Van De Wiele v. Koch

Annotate this Case

472 P.2d 803 (1970)

Clement L. VAN DE WIELE and Elizabeth M. Van De Wiele, Doing Business As St. Paul Market, Appellants, v. Lawrence J. KOCH and Gladys L. Koch, Respondents.

Supreme Court of Oregon, Department 2.

Argued and Submitted July 16, 1970.

Decided July 29, 1970.

Rehearing Denied September 9, 1970.

*804 John A. Bryan, Salem, argued the cause for appellants. With him on the briefs were DeArmond, Sherman & Barber, Salem.

Steve Anderson, Salem, argued the cause and filed a brief for respondents.

Before O'CONNELL, C.J., and SLOAN,[*] HOLMAN and HOWELL, JJ.

HOLMAN, Justice.

This was an action in which plaintiffs sought to recover from defendants the balance of $4,449.37 on a charge account for groceries sold by plaintiffs to defendants. The case was tried by the court without a jury and a judgment was rendered in favor of plaintiffs for only those charges incurred within the six years next preceding the filing of the action. Plaintiffs appealed. The only issue is the application of the statute of limitations to purchases made more than six years prior to the action.

The evidence shows a continuous record of credit purchases from 1951 through January 12, 1963, although defendants had been customers of plaintiffs since 1937. The present action was commenced January 9, 1969. All payments were credited to the balance of the account rather than to specific purchases. For a period of four months in 1951 the account showed a credit balance in favor of defendants as the result of one advance payment made by them on their account. Usually, the account was paid monthly until November of 1959, at which time it was current. In 1959, because of financial difficulties, defendants requested and received credit for a greater period of time and in return therefor agreed to pay interest on the unpaid balance of the account. Neither the length of time during which credit was to be extended without payment nor the amount of credit was specified. Subsequent to November 1959 *805 groceries were purchased continuously by defendants until January 12, 1963, but during that time only one payment was made. This payment was $2,500 and was made in January of 1962, more than six years prior to the commencement of the action. At the time of this payment, the account was approximately $4,350. There is no evidence of any demand for payment from November 1959 to the termination of purchases, but statements showing the balance were sent every two to three months.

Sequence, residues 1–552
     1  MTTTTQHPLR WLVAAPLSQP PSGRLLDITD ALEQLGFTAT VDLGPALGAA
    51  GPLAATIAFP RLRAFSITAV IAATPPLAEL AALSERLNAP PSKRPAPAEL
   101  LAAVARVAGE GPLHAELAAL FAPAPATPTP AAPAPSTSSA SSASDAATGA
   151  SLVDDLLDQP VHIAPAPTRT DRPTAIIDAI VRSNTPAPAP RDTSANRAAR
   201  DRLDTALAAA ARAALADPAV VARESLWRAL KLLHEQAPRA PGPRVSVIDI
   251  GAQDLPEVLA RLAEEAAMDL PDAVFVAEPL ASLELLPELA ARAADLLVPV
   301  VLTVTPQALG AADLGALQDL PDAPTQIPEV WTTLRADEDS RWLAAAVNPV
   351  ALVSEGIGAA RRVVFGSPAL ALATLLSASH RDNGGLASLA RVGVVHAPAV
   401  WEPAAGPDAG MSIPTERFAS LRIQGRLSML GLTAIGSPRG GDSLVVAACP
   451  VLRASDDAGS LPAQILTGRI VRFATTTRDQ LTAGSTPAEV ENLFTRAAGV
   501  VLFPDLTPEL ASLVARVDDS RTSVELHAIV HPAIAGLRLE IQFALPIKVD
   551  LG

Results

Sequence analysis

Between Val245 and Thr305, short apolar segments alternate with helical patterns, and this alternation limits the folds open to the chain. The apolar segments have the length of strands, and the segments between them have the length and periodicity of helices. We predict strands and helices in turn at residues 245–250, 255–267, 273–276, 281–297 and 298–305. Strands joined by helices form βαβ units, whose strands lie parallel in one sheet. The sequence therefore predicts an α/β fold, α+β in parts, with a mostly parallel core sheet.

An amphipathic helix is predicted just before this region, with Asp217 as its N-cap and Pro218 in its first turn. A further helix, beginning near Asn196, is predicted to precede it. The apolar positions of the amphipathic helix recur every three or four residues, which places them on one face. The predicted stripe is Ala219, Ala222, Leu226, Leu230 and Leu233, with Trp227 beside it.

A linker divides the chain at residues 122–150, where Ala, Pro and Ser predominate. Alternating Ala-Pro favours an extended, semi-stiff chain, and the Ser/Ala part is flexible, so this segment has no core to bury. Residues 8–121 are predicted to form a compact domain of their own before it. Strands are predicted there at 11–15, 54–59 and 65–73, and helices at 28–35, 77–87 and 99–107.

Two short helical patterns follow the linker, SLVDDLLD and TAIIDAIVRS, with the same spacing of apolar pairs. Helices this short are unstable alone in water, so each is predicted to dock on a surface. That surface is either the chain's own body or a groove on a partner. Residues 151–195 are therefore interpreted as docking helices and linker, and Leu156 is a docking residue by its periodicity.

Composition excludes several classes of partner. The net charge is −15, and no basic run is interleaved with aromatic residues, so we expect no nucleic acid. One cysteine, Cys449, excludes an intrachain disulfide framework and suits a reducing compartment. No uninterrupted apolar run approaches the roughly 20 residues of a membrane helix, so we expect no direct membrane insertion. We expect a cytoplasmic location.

Plaintiffs' contention is that the statute of limitations ran on the entire account from the last purchase rather than on each purchase from the time it was made. The trial court held to the contrary. Plaintiffs urge that their action falls within the purview of ORS 12.090, which provides as follows:

"In an action to recover a balance due upon a mutual, open and current account, where there have been reciprocal demands, the cause of action shall be deemed to have accrued from the time of the last item proved in the account on either side; but whenever a period of more than one year shall elapse between any of a series of items or demands, they are not to be deemed such an account."

It is our opinion that the account was not the kind of account contemplated by the statute. A mutual account is usually considered to be one in which each party to the account has extended credit to the other and in which there have been reciprocal demands by the parties. See cases compiled in Annot., 1 A.L.R. 1060 at 1066. We recognize that there is a minority of courts which hold that the making of payments on an account is sufficient to make the account mutual. See cases 1 A.L.R. 1060 at 1069. However, the wording of the Oregon statute which requires "reciprocal demands" indicates that the legislature intended other than that held by the minority. 6 Williston on Contracts § 2030, 5695-97 (rev. ed. 1938) states: